“Imagine the added pressure that 420 car spaces would cause let alone the foot print the additional apartments would cause in what is a single home residential community.”
Mr Pearce said the mayor has created a pro-development atmosphere and now council has to deal with the consequences of this.
“The developers seem to think it is okay to go for broke.”
“We know that the Mayor Betts is in favour of this proposal as she sees no issue in its development,” Ms Dryden said.
Mayor Betts said that without having examined the Easts proposal at all, it is good to see that the bowling facility and rink is being retained and the childcare and learn to swim facilities are included, all of which are greatly needed in Waverley.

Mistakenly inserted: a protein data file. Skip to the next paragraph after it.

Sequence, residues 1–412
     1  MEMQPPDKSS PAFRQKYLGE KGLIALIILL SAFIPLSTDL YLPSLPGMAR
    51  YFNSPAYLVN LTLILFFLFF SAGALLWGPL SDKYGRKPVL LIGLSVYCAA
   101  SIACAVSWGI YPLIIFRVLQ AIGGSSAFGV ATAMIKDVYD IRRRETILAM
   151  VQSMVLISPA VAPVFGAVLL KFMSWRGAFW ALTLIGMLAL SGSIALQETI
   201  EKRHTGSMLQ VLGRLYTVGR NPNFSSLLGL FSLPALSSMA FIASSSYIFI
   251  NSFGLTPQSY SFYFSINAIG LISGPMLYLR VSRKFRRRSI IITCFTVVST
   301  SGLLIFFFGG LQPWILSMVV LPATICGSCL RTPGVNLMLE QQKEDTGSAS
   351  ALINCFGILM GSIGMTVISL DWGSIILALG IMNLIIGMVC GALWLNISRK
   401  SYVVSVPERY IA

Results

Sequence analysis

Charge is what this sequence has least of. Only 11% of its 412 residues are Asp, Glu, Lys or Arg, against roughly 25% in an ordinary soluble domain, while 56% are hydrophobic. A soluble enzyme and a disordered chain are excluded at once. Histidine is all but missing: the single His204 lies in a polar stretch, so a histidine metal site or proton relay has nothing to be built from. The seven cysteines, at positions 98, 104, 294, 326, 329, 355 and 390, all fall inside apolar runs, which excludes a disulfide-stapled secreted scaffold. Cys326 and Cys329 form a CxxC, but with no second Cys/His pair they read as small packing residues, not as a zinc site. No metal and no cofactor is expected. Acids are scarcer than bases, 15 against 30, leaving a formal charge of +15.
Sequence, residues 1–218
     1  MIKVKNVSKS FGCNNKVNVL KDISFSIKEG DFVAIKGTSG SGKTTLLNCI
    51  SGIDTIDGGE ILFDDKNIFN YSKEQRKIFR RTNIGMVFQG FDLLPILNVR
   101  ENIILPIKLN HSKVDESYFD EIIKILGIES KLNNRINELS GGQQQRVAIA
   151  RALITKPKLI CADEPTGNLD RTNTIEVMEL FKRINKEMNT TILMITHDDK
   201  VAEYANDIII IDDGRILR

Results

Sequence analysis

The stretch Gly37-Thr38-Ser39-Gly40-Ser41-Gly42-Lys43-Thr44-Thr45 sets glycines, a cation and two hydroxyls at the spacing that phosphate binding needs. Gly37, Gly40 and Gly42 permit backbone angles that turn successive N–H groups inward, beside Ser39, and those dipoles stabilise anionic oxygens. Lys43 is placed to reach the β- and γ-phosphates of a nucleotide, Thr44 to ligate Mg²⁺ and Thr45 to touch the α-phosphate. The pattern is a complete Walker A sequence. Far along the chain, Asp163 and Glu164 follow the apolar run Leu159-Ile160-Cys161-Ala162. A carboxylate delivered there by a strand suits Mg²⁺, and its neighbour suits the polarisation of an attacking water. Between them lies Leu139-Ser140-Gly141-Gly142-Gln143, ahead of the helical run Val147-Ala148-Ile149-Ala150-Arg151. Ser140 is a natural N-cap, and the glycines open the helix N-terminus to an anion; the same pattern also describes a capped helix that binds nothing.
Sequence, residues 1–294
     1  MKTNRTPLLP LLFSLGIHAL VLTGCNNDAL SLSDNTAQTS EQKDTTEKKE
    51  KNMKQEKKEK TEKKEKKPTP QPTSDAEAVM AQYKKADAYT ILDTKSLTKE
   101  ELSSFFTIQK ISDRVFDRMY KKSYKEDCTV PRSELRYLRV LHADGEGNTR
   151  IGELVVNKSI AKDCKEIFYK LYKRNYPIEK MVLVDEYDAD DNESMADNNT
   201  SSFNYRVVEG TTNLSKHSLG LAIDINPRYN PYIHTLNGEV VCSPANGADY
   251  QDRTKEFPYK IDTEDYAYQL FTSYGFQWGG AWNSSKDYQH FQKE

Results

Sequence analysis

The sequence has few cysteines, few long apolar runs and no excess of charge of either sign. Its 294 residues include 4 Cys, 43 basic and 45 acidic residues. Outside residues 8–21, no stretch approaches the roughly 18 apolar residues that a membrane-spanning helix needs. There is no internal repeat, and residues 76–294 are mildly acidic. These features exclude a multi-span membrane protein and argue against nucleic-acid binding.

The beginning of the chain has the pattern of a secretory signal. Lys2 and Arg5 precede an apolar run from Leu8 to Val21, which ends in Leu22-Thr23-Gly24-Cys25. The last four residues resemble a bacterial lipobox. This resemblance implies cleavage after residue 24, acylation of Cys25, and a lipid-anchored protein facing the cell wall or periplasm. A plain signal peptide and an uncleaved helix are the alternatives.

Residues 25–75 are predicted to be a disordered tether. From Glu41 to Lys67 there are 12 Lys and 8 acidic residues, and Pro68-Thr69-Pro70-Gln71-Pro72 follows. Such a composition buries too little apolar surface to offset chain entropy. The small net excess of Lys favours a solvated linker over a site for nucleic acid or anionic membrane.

“Initially council officers will refer the planning proposal to other departments for comment and then have discussions with the Applicant should any additional information of modifications be suggested.”
“I do not envisage that a report will come to council until sometime in the New Year.”
Ms Dryden said the Liberal members on council had been very silent about the development, which showed the community their “true colours”.
“We are concerned that Waverley Council will wash their hands of this and defer to a higher authority,” she said.
“We as rate payers will ensure that if this is the case that these same people will be voted out of office at the next council elections. They were voted in to represent and protect our interests – that is clearly not happening right now.”
“It would appear that we are all united in stopping such an out of place overdevelopment from taking place.”]]>
Tensions over Newtown’s Hat Factory continued into the auction room earlier this month.
Following the contentious eviction of squatters … Read more]]>